Scientists use brain scans to read minds

Brain scan

A futuristic technology enabling scientists to read a person's mind has come to light this week.

Developed by neuroscientists at the University of California, functional magnetic resonance imaging (fMRI) offers scans which can be used to identify what a person is thinking.

The research was conducted earlier this year with 130 people participating.

They were asked to perform one of eight mental tasks including reading aloud, doing simple monetary tasks and counting the number of tones they heard while having a brain scan.

The neuroscientists could then identify which tasks they were performing and, in turn, predict what they would do next purely from the images.

In the future, this could be used to determine what criminals are thinking or even establish what people are dreaming about, the researchers said.

Russell Poldrack, a professor of psychology at UCLA, said in a statement: "It turns out that we can predict quite well which of these eight tasks they are doing."

"If we were just guessing, we would get it right about 13 per cent of the time. We get it right about 80 per cent of the time with our statistical tool. It's not perfect, but it is quite good but not nearly good enough to be admissible in court, for example."

Comparisons are being drawn between this research and the technology used in the film Minority Report, where criminals are identified before committing a crime.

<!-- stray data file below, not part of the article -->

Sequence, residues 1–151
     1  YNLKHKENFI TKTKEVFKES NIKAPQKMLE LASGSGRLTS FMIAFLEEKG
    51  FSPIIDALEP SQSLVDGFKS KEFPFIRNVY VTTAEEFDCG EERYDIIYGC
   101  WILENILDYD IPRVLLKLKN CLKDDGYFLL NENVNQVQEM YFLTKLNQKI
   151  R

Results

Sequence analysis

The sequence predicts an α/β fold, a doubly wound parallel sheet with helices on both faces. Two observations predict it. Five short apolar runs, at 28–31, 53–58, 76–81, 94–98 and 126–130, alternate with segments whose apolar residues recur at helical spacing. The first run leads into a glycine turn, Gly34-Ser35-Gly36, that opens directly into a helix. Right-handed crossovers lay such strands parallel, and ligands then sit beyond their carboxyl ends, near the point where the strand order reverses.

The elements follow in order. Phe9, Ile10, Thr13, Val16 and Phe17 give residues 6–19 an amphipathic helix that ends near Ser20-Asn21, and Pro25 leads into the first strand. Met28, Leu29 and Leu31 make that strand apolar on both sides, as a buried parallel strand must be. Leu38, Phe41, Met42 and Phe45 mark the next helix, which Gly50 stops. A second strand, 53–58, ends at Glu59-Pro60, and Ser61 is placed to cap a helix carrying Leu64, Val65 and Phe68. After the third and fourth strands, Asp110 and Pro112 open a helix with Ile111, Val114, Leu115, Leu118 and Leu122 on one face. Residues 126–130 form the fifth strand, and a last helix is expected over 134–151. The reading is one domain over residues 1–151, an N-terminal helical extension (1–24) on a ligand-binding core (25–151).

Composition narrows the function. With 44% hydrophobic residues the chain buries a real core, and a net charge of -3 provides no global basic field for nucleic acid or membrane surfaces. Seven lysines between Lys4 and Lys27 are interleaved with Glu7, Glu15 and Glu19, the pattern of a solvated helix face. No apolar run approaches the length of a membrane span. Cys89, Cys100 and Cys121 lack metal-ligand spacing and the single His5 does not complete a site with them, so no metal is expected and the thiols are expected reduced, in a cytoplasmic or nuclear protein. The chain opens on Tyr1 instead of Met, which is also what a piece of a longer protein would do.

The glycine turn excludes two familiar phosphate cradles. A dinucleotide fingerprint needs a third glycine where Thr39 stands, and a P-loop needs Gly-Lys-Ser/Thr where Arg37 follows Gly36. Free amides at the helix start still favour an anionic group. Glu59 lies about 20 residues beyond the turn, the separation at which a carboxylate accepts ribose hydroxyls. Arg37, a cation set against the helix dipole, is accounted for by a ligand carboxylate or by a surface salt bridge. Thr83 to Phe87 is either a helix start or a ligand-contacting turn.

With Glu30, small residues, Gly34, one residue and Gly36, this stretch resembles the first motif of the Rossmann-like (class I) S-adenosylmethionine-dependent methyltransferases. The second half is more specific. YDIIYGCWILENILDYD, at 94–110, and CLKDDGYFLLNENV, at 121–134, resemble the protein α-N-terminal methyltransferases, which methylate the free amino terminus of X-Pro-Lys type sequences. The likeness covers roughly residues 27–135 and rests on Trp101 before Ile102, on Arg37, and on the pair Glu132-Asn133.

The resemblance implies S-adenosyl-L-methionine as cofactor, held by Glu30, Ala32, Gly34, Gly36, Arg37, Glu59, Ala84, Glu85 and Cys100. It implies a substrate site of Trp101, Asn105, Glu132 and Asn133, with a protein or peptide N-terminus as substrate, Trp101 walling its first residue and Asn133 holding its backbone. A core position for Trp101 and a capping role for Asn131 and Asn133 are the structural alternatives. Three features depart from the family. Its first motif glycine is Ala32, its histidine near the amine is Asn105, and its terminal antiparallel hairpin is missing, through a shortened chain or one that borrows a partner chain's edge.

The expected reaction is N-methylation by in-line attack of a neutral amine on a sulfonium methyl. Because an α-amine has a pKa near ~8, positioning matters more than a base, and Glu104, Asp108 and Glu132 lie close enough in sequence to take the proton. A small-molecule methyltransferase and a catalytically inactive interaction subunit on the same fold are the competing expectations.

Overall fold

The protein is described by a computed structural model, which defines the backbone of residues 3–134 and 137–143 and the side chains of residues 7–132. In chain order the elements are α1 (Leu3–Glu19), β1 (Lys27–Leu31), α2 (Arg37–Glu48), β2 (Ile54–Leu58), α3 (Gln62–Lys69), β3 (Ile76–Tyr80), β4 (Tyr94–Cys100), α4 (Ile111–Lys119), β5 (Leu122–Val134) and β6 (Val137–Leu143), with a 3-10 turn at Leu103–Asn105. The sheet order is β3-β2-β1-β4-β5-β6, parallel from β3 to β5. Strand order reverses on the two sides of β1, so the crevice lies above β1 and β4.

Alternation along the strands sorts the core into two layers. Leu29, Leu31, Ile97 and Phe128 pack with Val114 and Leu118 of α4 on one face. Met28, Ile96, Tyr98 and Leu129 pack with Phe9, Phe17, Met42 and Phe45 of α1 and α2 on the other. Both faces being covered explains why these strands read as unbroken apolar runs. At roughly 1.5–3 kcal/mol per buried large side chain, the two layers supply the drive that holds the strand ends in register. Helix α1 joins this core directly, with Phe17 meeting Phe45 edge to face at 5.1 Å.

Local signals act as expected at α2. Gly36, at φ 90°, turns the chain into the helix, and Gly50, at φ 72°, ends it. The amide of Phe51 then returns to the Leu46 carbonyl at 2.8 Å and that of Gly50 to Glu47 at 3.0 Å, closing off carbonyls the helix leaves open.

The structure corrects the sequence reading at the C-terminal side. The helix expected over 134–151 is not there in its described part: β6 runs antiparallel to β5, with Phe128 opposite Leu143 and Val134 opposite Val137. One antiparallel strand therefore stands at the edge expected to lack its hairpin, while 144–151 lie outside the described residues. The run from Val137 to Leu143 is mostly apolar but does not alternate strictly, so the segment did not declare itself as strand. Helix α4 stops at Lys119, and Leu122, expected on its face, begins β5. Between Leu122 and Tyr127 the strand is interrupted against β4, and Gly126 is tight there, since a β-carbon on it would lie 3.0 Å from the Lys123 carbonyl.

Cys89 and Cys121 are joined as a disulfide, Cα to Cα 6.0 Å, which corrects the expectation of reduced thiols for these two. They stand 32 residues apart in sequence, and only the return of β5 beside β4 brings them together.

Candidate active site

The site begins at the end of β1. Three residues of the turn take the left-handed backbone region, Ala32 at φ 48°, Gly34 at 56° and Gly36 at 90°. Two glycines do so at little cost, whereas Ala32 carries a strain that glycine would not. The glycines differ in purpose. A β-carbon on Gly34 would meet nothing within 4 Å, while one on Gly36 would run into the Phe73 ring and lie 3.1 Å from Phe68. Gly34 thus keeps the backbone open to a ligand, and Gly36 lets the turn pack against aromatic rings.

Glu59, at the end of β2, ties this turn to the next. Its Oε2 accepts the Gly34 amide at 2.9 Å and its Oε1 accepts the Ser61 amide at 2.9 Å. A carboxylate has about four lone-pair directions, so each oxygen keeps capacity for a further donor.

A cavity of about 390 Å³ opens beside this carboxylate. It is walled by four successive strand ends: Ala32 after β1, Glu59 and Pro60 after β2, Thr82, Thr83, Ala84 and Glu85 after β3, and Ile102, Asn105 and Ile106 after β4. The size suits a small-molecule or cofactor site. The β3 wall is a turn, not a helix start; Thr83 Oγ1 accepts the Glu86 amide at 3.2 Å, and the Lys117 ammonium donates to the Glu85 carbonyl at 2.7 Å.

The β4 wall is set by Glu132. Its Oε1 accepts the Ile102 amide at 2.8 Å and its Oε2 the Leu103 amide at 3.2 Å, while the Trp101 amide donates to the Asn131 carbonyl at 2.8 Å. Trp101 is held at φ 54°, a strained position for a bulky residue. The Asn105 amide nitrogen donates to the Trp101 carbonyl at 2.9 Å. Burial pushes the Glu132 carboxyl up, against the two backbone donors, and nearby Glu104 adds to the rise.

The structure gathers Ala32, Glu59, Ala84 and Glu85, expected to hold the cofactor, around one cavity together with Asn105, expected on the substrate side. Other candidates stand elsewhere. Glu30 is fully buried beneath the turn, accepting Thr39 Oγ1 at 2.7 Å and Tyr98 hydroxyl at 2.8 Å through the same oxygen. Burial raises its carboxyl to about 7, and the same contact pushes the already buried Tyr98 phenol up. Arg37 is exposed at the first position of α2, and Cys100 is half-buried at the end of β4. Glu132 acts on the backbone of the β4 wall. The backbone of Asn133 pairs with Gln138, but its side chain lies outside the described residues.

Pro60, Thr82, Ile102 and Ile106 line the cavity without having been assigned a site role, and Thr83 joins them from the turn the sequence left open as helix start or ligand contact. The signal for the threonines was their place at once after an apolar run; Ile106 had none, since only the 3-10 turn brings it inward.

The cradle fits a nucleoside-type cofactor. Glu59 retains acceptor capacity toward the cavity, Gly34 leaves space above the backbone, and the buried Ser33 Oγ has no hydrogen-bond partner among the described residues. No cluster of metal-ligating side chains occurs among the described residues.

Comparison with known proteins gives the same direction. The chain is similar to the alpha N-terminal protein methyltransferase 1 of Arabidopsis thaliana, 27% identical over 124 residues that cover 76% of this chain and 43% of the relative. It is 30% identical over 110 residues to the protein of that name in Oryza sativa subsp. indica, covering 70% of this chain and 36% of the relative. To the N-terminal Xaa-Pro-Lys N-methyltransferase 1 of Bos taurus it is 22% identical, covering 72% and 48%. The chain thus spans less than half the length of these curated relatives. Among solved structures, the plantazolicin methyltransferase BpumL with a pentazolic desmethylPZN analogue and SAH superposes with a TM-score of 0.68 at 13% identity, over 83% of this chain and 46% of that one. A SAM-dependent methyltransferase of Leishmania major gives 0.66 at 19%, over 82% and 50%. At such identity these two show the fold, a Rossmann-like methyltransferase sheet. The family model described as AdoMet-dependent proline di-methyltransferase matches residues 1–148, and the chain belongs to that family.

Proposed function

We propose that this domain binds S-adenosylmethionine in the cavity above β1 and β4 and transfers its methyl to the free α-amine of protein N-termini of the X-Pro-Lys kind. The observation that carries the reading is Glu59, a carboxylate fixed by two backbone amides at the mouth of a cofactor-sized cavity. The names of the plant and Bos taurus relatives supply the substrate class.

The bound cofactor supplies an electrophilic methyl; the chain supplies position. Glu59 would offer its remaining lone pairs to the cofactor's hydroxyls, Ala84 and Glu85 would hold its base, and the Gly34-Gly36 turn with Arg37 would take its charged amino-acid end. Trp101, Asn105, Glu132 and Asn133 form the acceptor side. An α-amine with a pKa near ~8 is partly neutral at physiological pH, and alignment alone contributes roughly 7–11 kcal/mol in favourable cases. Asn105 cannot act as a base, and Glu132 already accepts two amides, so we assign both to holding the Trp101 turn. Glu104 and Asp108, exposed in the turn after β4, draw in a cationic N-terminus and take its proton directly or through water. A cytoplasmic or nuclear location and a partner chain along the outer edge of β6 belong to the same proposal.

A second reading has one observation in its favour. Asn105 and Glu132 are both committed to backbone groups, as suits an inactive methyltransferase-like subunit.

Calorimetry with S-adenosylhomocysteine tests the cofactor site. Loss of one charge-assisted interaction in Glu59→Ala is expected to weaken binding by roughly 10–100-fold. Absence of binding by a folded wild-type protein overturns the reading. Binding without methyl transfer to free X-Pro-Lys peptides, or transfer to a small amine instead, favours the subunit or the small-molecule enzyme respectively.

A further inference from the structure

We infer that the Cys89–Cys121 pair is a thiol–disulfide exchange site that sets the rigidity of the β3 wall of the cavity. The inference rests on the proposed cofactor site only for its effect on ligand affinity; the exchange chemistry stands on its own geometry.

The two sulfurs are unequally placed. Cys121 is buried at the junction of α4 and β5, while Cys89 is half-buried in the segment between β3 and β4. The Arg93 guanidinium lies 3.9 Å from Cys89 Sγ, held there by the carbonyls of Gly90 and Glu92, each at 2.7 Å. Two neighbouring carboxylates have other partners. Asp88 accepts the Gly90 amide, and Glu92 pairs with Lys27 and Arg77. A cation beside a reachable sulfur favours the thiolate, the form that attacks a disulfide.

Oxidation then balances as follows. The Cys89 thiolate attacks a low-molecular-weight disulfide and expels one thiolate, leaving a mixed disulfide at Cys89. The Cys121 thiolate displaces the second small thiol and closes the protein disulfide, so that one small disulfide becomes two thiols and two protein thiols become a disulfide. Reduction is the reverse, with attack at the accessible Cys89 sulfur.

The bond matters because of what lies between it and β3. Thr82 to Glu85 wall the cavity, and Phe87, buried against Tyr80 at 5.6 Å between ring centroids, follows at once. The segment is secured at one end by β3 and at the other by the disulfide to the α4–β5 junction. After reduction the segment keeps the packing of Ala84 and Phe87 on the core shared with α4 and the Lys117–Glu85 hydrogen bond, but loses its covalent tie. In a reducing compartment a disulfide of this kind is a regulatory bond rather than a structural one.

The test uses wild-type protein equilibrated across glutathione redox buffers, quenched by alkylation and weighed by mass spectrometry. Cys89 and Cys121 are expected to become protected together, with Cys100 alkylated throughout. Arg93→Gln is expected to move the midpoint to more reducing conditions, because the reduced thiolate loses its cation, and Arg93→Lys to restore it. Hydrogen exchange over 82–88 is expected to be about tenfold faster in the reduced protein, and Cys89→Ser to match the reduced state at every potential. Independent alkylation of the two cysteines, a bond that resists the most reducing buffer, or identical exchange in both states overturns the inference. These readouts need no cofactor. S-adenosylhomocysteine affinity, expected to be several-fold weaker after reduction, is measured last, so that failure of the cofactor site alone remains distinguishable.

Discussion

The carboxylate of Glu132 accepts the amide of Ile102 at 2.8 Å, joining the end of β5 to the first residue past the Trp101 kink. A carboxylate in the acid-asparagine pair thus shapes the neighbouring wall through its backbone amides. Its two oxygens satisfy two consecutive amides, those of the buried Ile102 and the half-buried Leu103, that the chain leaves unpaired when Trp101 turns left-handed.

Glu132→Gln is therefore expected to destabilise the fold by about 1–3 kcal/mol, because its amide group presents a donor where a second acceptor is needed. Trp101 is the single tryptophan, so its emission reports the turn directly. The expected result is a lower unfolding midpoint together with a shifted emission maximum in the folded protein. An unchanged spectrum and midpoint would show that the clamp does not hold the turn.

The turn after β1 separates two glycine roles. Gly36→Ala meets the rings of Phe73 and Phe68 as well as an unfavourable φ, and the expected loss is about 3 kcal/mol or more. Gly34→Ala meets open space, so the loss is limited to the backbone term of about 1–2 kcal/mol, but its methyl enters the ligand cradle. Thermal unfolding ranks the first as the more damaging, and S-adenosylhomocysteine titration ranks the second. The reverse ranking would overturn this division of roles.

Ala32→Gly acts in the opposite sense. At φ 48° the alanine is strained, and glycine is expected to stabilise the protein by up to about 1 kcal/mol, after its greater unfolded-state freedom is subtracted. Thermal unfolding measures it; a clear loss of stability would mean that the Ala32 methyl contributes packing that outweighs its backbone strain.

However, Poldrack urges caution with such suggestions. "Our study suggests that the kinds of things that some people have talked about in terms of mind reading are probably still pretty far off," he said.

"If we are only 80 per cent accurate with eight very different thoughts and we want to figure out what you're thinking out of millions of possible thoughts, we're still very far away from achieving that."

Jennifer Scott

Jennifer Scott is a former freelance journalist and currently political reporter for Sky News. She has a varied writing history, having started her career at Dennis Publishing, working in various roles across its business technology titles, including ITPro. Jennifer has specialised in a number of areas over the years and has produced a wealth of content for ITPro, focusing largely on data storage, networking, cloud computing, and telecommunications.

Most recently Jennifer has turned her skills to the political sphere and broadcast journalism, where she has worked for the BBC as a political reporter, before moving to Sky News.